Access

You are not currently logged in.

Access JSTOR through your library or other institution:

login

Log in through your institution.

Journal Article

Memory, Memorials, and Commemoration

Anita Kasabova
History and Theory
Vol. 47, No. 3 (Oct., 2008), pp. 331-350
Published by: Wiley for Wesleyan University
Stable URL: http://www.jstor.org/stable/25478767
Page Count: 20
Were these topics helpful?
See something inaccurate? Let us know!

Select the topics that are inaccurate.

  • Subscribe ($19.50)
  • Add to My Lists
  • Cite this Item
Memory, Memorials, and Commemoration
Preview not available

Abstract

According to a popular view, the past is present here and now. This is presentism combined with endurantism: the past continuously persists through time to the present. By contrast, I argue that memories, memorials, and histories are of entities discontinuous with present experiences, and that the continuity between past and present in them is a construct. Memories, memorials, and histories are semantic means for dealing with the past. My presupposition that past and present are different is supported by grammar: as verbal tenses show, the past is not present here and now, for otherwise it would not be past. A failure to note this difference is a lack of chronesthesia, a sense of time specific to human beings. I argue that presentism fails to account for the temporal structures of memory and the changes in perspective as we switch from the present to a past situation. My account is perdurantist in the sense that it allows for temporal parts of things such as memorials or tombstones, as well as events such as wars or commemorations. But my main goal is to outline a semantic approach to the past: the tie between past and present actions and events is the semantic ground-consequence relation: a past event is the antecedent grounding a present situation, explaining why it is the case. In addition, I show how we refer to the past by means of two rhetorical figures of speech: synecdoche, using the (emblematic-) part-whole relation for relating the past to the present by transposing its sense; and anaphor, which has a deictic function-it points back toward the past. In references to the past, the deictic field is a scene visualized by the speaker and addressees: the deictic field is transposed from a perceptual to an imaginary space.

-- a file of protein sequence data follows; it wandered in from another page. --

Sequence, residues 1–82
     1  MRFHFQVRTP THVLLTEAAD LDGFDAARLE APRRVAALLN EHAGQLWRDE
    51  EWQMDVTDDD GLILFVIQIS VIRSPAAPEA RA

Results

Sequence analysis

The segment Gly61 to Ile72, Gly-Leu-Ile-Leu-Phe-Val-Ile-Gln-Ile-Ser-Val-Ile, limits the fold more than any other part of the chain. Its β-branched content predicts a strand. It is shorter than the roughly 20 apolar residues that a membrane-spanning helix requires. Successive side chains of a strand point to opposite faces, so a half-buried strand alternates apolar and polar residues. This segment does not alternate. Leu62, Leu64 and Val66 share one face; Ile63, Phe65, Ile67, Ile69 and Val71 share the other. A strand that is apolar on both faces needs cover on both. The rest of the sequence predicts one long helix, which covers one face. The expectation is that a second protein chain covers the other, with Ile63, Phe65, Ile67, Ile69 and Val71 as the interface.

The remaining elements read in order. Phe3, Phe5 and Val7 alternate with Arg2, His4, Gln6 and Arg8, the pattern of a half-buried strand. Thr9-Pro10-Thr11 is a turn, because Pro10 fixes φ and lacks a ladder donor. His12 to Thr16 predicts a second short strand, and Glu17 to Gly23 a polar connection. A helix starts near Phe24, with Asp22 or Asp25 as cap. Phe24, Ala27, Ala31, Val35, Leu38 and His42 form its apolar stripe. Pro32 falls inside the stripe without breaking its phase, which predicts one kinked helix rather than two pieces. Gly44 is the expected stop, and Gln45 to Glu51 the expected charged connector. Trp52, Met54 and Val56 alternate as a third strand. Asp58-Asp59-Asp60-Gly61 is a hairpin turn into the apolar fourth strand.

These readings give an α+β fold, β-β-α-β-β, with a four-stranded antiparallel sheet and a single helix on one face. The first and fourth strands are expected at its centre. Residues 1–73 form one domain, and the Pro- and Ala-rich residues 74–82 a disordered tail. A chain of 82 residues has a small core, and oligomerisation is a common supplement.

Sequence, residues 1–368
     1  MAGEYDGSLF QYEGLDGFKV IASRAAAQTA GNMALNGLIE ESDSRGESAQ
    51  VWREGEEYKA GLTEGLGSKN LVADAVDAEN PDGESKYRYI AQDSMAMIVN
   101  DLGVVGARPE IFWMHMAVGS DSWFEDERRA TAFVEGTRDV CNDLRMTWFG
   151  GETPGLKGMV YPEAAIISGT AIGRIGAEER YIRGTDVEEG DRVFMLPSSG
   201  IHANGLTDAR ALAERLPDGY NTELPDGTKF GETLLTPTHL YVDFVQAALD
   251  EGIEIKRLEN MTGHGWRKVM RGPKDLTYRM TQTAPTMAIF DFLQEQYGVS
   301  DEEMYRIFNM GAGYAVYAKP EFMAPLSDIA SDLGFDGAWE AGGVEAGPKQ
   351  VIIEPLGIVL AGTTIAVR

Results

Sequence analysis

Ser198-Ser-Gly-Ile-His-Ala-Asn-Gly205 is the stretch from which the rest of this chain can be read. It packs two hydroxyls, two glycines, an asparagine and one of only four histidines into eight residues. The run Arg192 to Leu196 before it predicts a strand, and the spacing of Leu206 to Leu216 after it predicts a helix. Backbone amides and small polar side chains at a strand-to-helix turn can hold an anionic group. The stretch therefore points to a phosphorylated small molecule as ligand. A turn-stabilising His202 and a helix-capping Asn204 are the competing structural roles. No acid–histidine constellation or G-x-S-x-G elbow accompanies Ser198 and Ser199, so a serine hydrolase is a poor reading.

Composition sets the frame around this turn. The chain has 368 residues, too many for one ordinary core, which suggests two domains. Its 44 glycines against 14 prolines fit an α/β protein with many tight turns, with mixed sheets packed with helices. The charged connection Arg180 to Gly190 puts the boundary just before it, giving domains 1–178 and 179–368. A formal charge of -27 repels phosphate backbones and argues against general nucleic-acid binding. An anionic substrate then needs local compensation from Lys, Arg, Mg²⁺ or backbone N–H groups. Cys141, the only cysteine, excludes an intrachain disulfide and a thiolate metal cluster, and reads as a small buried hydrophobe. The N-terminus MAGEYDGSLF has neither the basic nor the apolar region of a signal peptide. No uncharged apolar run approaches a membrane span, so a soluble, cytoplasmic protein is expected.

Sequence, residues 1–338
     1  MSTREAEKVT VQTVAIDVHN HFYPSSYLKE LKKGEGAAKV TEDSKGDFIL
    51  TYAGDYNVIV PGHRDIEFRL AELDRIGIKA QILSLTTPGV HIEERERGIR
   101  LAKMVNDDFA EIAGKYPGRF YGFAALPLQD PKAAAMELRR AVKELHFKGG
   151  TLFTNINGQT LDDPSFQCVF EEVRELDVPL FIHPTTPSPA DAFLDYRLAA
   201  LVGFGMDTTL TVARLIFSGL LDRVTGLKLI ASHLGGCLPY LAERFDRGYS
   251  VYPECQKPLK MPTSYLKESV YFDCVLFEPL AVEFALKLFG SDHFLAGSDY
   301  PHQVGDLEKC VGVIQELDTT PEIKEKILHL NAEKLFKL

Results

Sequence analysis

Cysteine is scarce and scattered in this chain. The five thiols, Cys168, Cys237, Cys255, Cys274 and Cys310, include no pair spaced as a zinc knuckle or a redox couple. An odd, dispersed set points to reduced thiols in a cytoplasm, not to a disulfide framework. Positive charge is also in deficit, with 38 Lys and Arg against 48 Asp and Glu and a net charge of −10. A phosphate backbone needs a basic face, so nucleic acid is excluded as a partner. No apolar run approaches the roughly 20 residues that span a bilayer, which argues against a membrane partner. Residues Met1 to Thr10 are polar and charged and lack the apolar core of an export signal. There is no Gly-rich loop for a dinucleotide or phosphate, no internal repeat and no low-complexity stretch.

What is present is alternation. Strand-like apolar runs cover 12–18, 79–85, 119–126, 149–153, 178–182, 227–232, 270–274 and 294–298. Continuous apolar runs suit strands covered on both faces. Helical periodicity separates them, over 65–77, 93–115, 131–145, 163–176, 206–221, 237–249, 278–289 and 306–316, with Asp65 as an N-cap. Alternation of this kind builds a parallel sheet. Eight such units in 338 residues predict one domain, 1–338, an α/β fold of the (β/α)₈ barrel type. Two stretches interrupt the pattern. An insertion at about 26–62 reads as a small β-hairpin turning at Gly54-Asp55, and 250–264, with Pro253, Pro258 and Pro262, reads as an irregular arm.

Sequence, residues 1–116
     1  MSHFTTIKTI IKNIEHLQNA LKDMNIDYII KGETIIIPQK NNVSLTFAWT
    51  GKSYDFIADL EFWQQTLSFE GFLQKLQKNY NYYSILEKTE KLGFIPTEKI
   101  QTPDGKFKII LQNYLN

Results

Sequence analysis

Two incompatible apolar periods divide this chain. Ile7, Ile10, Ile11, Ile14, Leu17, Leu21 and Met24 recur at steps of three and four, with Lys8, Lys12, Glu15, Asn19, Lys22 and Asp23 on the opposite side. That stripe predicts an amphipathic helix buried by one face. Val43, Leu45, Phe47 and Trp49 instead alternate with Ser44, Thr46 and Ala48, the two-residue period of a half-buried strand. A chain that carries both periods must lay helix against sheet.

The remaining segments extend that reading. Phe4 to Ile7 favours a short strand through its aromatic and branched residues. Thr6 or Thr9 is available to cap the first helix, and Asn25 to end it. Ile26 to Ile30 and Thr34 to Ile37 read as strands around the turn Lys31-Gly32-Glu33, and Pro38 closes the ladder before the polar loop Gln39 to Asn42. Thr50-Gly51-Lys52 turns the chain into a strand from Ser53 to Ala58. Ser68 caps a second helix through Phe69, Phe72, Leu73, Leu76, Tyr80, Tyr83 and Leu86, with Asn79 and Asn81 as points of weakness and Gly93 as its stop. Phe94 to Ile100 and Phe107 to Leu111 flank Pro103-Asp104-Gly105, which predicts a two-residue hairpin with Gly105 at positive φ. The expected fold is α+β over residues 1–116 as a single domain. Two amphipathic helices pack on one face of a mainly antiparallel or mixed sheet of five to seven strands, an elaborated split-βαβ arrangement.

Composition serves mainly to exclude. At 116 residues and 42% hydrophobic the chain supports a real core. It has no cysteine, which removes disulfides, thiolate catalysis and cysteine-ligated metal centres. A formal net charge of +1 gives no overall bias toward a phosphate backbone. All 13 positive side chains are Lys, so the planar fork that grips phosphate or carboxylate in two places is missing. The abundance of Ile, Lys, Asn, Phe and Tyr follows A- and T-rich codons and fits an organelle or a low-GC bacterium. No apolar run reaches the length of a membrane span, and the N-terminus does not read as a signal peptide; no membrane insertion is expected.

Page Thumbnails

  • Thumbnail: Page 
[331]
    [331]
  • Thumbnail: Page 
332
    332
  • Thumbnail: Page 
333
    333
  • Thumbnail: Page 
334
    334
  • Thumbnail: Page 
335
    335
  • Thumbnail: Page 
336
    336
  • Thumbnail: Page 
337
    337
  • Thumbnail: Page 
338
    338
  • Thumbnail: Page 
339
    339
  • Thumbnail: Page 
340
    340
  • Thumbnail: Page 
341
    341
  • Thumbnail: Page 
342
    342
  • Thumbnail: Page 
343
    343
  • Thumbnail: Page 
344
    344
  • Thumbnail: Page 
345
    345
  • Thumbnail: Page 
346
    346
  • Thumbnail: Page 
347
    347
  • Thumbnail: Page 
348
    348
  • Thumbnail: Page 
349
    349
  • Thumbnail: Page 
350
    350